Search form

Iowa Amends Tough Drug Testing Law to Lower Standard for Positive Alcohol Tests

By Kathryn J. Russo and Catherine A. Cano
  • April 24, 2018

Beginning July 1, 2018, private employers in Iowa may take action based on an employee’s alcohol test result of .02 grams of alcohol per two hundred ten liters of breath. The lower standard was enacted under a 2018 amendment to the Iowa drug testing law (Iowa Code Section 730.5). Prior to the amendment, employers could not take action for alcohol test results below .04 Blood Alcohol Concentration (BAC).

In addition, the law was amended effective July 1, 2017, to permit hair follicle testing only for pre-employment drug testing purposes. Prior to the passage of this amendment, Iowa allowed only private sector testing for drugs through urine, blood, and oral fluid.

Iowa’s 30-year-old drug testing statute is considered one of the most difficult laws in the country for employer compliance. It contains specific and detailed drug testing procedures and safeguards that, if not carefully followed, limits employers’ ability to legally discipline or fire an employee based upon a drug or alcohol test. The Iowa law includes provisions on permissible types of tests, written notice requirements, rehabilitation for positive alcohol test results, split-specimen testing, and mandatory supervisor training, among other things. Available remedies under the statute include reinstatement, back pay, and equitable relief such as attorneys’ fees.

Employers easily can violate the technical aspects of the law. For example, in 2012, the Iowa Court of Appeals held that an employer violated the statute when it provided an employee with a hand-delivered notice of her positive test results instead of sending it by certified mail, as required by the statute. See Skipton v. S&J Tube, Inc., 822 N.W.2d 122 (Iowa Ct. App. 2012). The notice also omitted the cost of a confirmatory re-test.

Lawsuits on the Rise

Since October 2017, at least five new lawsuits have been filed alleging violations of the Iowa drug testing law.

Some of these lawsuits have alleged claims for wrongful discharge in violation of public policy, based on the alleged violation of the drug testing statute. This is significant because the Iowa Supreme Court has held that punitive damages may be awarded in wrongful discharge cases. See Jasper v. H. Nizam, Inc., 764 N.W.2d 751 (Iowa 2009). At least some courts have been receptive to this argument in the drug testing context. In a case before the Iowa District Court for Delaware County, the employer conceded violating the drug testing statute but argued that the drug testing statute was the exclusive remedy. The court disagreed and granted summary judgment to the plaintiff on her wrongful discharge claim. See Ferguson v. Sanders, et al., No. LACV008271 (Jan. 17, 2018). A jury later awarded the plaintiff $57,606 in damages, including $12,000 in pain and suffering.

Next Steps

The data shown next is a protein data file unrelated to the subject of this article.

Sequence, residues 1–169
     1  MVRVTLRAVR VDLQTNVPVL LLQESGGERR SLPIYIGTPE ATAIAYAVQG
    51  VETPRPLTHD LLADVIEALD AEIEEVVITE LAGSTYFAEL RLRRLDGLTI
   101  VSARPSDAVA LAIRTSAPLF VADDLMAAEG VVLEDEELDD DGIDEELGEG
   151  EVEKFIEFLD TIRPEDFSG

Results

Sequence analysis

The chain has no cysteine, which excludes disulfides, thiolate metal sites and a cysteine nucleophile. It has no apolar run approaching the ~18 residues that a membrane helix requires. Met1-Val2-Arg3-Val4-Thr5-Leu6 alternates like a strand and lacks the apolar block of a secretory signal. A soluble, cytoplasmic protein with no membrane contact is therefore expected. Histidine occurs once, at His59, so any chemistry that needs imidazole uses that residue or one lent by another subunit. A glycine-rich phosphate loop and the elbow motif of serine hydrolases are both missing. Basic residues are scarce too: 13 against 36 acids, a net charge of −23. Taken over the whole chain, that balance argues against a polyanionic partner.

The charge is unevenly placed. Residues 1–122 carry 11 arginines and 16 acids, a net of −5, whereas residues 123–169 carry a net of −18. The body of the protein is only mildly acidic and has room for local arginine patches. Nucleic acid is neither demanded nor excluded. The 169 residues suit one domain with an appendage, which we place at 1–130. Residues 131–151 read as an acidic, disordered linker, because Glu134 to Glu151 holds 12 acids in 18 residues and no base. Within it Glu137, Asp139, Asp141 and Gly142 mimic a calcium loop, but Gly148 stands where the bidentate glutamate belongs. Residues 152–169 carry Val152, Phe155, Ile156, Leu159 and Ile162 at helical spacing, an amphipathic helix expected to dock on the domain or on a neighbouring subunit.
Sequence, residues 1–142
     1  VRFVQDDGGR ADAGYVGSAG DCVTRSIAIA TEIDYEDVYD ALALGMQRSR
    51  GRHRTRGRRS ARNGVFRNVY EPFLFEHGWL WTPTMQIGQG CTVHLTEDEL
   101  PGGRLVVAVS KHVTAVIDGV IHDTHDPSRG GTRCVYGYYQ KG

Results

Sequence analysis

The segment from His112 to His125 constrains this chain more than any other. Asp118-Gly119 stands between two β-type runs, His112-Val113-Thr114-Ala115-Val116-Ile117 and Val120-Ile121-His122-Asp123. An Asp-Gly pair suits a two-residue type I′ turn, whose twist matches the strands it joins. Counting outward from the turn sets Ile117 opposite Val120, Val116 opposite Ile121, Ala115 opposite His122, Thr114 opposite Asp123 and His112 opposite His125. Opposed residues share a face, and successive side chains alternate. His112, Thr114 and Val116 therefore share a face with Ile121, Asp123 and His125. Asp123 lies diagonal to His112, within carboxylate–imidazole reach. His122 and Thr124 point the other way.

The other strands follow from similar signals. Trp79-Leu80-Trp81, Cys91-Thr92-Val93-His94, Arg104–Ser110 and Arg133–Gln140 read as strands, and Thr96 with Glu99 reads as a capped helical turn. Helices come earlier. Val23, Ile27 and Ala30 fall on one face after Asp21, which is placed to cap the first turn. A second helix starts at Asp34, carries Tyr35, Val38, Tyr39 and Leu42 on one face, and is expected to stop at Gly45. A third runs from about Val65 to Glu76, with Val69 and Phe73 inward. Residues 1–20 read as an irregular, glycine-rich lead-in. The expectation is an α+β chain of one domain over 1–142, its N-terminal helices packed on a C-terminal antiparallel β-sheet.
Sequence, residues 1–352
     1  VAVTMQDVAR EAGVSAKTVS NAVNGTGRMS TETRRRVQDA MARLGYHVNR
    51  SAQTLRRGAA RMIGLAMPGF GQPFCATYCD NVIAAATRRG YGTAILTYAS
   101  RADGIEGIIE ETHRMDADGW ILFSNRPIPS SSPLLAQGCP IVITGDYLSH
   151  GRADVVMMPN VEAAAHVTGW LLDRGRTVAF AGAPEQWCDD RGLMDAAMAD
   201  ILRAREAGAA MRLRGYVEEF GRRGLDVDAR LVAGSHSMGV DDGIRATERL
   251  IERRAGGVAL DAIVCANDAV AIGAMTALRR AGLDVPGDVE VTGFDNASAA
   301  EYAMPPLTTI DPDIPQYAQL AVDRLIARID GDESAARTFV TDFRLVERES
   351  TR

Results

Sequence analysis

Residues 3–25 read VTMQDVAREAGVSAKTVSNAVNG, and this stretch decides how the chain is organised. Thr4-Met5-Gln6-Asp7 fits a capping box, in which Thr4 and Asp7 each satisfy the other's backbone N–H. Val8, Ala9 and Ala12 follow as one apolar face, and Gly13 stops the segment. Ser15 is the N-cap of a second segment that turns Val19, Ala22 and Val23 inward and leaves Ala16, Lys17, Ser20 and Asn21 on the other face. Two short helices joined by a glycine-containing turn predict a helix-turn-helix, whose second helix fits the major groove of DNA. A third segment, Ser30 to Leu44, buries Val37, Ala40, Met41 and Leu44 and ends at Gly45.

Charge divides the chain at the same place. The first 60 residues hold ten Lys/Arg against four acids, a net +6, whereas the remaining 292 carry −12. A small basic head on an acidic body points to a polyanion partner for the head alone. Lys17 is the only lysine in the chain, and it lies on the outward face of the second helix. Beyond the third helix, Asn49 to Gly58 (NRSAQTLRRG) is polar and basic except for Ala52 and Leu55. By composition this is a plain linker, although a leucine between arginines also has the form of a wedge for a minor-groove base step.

Employers that conduct drug testing in Iowa should ensure their policy complies with the amended law. They also should consider consulting with counsel before taking adverse employment actions based on drug or alcohol test results.

Jackson Lewis attorneys are available to answer inquiries regarding the Iowa statute and assist employers in achieving compliance with its requirements.

©2018 Jackson Lewis P.C. This material is provided for informational purposes only. It is not intended to constitute legal advice nor does it create a client-lawyer relationship between Jackson Lewis and any recipient. Recipients should consult with counsel before taking any actions based on the information contained within this material. This material may be considered attorney advertising in some jurisdictions. Prior results do not guarantee a similar outcome.

Reproduction of this material in whole or in part is prohibited without the express prior written consent of Jackson Lewis P.C., a law firm with more than 900 attorneys in major cities nationwide serving clients across a wide range of practices and industries. Having built its reputation on providing premier workplace law representation to management, the firm has grown to include leading practices in the areas of government relations, healthcare and sports law. For more information, visit www.jacksonlewis.com.

See AllRelated Articles You May Like

March 18, 2019

New York City Releases Model Policies for Lactation Room Law

March 18, 2019

The New York City Commission on Human Rights (CCHR) has released model policies for the City’s lactation room law, effective March 18, 2019. The CCHR’s dedicated lactation accommodations page contains model policies for: 1) Workplaces with Dedicated Lactation Room(s); 2) Workplaces with Multi-Purpose Space; and 3) Workplaces... Read More

March 14, 2019

New Jersey Expands State Leave Laws

March 14, 2019

New Jersey has enacted an omnibus law that expands significantly protections and benefits for employees under the state’s laws providing unpaid family leave, domestic or sexual violence safety leave, and temporary paid family leave insurance. Prior to the law’s passage, the New Jersey Family Leave Act (NJFLA) required employers with... Read More

February 28, 2019

Portland, Oregon, Bars Discrimination Against Atheists, Agnostics

February 28, 2019

An amendment to the civil rights code of Portland, Oregon, extends protections against discrimination in employment, housing, and public accommodations to atheists, agnostics, and other “non-believers.” Religious facilities are expressly exempt. The Portland City Code, chapter 23.01, already prohibits discrimination on the basis of... Read More